That was quick. My grass-fed beef salami has dried and is ready to eat. They cured much quicker than expected, which I attribute to their leanness. With so little fat, the salami was able to quickly and evenly dry. So texturally, these beef salami are very dry, but I find it’s actually a pleasing chew rather than a hard, leathery toughness. They were gently seasoned with garlic and black pepper, but the primary flavor to come through is a savory, beefy flavor. There is a bit of a “tang” in the finish, which I attribute to the type of starter culture I used in inoculating the meat. I’ve been using F-RM-52, which can produce a good amount of lactic bacteria and give a tangy “summer sausage” type flavor. I haven’t noticed it too much in my pork salami, but it was definitely noticeable here.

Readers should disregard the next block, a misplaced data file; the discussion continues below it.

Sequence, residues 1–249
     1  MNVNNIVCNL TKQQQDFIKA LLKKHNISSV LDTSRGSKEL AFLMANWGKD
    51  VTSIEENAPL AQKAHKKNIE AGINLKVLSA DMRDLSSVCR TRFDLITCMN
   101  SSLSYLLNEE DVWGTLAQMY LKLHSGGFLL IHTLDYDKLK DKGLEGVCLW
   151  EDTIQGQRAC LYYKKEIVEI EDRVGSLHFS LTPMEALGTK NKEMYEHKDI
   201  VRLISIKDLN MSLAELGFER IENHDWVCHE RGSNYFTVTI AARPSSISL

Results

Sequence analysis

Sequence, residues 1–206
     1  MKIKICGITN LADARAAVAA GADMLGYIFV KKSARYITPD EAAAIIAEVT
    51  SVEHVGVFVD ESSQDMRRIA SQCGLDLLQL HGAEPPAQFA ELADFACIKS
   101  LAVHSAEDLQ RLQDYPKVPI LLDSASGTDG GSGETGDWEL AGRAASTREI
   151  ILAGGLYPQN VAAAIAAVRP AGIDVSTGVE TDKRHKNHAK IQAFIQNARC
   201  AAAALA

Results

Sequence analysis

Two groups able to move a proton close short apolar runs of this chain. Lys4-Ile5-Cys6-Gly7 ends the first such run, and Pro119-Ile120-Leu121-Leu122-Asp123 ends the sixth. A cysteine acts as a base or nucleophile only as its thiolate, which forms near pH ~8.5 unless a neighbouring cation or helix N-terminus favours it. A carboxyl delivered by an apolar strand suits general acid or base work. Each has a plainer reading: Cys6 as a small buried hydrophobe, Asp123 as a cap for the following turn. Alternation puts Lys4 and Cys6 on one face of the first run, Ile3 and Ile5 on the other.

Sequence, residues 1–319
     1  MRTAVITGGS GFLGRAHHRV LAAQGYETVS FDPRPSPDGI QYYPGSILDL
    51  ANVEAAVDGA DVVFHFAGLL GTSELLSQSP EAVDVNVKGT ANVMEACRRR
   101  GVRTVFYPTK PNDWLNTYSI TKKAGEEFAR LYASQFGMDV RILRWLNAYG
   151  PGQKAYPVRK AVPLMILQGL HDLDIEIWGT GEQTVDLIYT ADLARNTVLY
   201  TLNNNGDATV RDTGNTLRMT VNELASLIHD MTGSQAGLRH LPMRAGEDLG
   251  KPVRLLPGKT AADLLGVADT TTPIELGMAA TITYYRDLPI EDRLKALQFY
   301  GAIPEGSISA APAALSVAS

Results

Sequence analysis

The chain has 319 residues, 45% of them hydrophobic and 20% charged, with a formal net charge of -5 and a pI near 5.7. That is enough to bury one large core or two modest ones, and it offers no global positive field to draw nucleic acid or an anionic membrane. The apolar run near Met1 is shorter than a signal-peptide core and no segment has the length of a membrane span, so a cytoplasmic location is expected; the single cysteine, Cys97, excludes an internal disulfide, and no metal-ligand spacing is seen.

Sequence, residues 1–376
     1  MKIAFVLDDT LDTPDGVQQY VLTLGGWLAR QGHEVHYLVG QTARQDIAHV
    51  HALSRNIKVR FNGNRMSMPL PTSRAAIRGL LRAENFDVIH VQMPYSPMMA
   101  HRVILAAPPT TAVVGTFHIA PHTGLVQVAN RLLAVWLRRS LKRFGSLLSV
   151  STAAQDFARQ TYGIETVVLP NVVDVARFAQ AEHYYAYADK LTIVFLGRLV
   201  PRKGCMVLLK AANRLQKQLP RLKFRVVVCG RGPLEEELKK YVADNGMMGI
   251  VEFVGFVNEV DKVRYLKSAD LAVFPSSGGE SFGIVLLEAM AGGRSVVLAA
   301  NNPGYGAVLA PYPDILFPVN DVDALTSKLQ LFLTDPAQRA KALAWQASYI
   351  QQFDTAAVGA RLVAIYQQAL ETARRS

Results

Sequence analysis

Moving forward, I’m going to be working with a much milder starter culture, T-SPX, which promises a milder acidity and a more aromatic profile. I’m hoping this will get me closer to recreating the gold standard of American salami, Fra’Mani Salametto, which is just unbelievably perfect. Plus, T-SPX should minimize the acidic tang found here.
Well, regardless, time to eat!